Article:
Just Who Destroys Books & Libraries?

a-universal-history-of-the-destruction-of-books-from-ancient-sumer-to-modern-day-iraqAfter reading So Many Books: Reading & Publishing in an Age of Abundance, I was delighted to serendipitously discover a copy of A Universal History of the Destruction of Books: From Ancient Sumer to Modern-day Iraq, by Fernando Baez (translated by Alfred MacAdam), staring me in the face from the “new arrivals” display at the public library.

I’ve always wondered just who would destroy books and libraries — and why. Here was my chance.

The book’s Introduction sums it up best:

It’s common error to attribute the destruction of books to ignorant men unaware of their hatred. After twelve years of study, I’ve concluded that the more cultured a nation or a person is, the more willing each is to eliminate books under the pressure of apocalyptic myths. In general, biblioclasts are well-educated people, cultured, sensitive, perfectionists, painstaking, with unusual intellectual gifts, depressive tendencies, incapable of tolerating criticism, egoists, mythomaniacs, members of the middle or upper classes, with minor traumas in their childhood or youth, with a tendency to belong to institutions that represent constituted power, charismatic, with religious and social hypersensitivity. To all that we would add a tendency to fantasy. In sum, we have to forget the stereotype of the savage book destroyer. Ignorant people are the most innocent.

You could take that at face value — but I preferred to continue reading how Baez came to that conclusion.

In the Note for the English Translation, Baez suggests the following:

I suggest not reading it beginning-to-end because, in its way, this book is an anthology of possible books. The reader, with no remorse, can start reading anywhere. So, dear reader, you are invited to embark on a circular, but, I hope, intellectually stimulating adventure.

Intrigued, I tried to randomly jump around — which is as unlikely as it sounds. Not only an oxymoron & unorthodox, but honestly, after six out-of-order chapters, I found myself desiring the book’s beginning to end layout which (mainly) mirrors a linear progression of time. Not only was this contextually refreshing, but, as a student of US public schools, I enjoy reinforcing what little knowledge of a time line of history I currently possess — & expanding new nuggets of information into such a stately progression was helpful too.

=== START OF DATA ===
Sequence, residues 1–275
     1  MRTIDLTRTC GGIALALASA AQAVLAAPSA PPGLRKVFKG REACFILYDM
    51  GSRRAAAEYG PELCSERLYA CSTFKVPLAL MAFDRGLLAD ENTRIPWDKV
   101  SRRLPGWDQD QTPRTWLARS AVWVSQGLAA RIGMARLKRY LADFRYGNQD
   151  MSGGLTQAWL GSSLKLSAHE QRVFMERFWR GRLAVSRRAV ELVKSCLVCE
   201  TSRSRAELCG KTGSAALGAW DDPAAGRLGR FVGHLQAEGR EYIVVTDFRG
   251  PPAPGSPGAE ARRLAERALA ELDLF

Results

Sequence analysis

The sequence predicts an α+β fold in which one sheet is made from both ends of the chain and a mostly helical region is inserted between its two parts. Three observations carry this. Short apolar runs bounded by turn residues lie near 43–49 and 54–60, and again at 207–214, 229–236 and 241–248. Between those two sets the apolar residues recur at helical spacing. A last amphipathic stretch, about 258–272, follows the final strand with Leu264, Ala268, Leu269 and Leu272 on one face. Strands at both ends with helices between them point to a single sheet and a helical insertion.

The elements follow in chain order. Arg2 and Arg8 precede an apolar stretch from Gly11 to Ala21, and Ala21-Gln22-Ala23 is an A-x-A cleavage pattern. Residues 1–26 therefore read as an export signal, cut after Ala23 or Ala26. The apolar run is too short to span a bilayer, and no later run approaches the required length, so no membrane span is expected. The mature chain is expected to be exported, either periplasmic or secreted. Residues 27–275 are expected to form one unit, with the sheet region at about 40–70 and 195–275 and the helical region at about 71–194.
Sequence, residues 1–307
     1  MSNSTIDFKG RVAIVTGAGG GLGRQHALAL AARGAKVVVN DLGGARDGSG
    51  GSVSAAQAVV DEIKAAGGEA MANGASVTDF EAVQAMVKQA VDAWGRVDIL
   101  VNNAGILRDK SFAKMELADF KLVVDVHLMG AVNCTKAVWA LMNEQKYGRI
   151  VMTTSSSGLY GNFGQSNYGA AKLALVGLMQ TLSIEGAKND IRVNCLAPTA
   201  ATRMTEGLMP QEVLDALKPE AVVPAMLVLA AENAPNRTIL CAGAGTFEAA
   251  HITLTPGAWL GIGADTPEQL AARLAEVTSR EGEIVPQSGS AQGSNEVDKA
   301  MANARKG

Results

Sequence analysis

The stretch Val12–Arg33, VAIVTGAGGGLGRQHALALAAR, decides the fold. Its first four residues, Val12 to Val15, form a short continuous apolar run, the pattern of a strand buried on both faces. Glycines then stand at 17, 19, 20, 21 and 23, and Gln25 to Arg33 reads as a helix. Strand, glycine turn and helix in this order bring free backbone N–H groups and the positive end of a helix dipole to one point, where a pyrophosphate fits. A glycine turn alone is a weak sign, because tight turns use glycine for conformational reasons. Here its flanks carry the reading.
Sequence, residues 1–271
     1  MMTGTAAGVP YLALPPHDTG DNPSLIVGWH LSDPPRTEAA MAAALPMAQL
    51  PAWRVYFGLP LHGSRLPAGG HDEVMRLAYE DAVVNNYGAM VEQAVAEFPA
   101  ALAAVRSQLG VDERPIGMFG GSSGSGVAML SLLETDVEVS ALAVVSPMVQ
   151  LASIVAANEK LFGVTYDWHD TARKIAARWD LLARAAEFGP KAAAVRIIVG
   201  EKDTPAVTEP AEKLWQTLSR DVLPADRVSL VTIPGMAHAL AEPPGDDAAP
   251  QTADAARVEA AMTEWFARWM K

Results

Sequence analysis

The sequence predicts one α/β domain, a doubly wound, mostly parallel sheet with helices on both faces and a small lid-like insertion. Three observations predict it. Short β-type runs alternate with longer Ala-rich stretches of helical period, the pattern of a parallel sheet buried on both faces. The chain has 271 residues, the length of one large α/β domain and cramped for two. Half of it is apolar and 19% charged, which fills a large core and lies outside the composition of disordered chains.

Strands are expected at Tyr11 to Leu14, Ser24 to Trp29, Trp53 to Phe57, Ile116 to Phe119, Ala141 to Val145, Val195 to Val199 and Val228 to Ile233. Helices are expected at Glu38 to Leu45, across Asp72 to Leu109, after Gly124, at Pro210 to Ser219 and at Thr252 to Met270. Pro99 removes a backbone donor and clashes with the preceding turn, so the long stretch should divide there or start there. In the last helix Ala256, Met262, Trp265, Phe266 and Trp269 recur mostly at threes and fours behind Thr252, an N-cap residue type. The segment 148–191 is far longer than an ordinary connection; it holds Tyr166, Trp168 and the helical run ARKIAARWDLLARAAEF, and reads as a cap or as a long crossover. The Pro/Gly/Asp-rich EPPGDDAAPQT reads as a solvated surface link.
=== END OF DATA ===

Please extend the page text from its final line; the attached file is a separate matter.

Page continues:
Along with the usual suspects in the destruction of books (natural enemies, such as fire, water, bugs, sunlight, etc.), there’s plenty of discussion, exploration, & historical documentation of those who applied the destruction on purpose. Book burning and book eating may result in the same thing as books on a sunken ship, but these actions usually had very different intents, so Baez covers the many ways to destroy books — accidental & by design. Censorship, on individual & public scales, may seem simple, but Baez exposes the stories behind the persons, passions, politics, prosecutions, and procedures.

Unexpected delights (in terms of chapters or topics — because the whole book is full of both the unexpected, the delightful, and the delightfully unexpected — even the losses are bittersweet for at least I’d heard of them now) included the chapter, Books Destroyed in Fiction.

This book not only affirmed my love of books & libraries, but reminded me how little I know… Including ignorance to relatively current events.

Like while I was very aware of the looting of museums in Iraq (especially after attending MPMA conferences), I never knew about the destruction, looting & losses libraries in Iraq suffered.

And how did I not know there was a fire at the Los Angeles Central Library in 1986 — in my lifetime? Not just any fire, but a deliberately set fire; a fire that must have been fueled with irony for it was both “the single worst library fire to take place in a nation where the most modern mechanisms for the protection of libraries exist,” and a fire started on April 28, 1986, just six days after the international Day of the Book.

Now that A Universal History of the Destruction of Books: From Ancient Sumer to Modern-day Iraq has made me aware of just how ignorant I am, I’ve set Google Alerts for library news.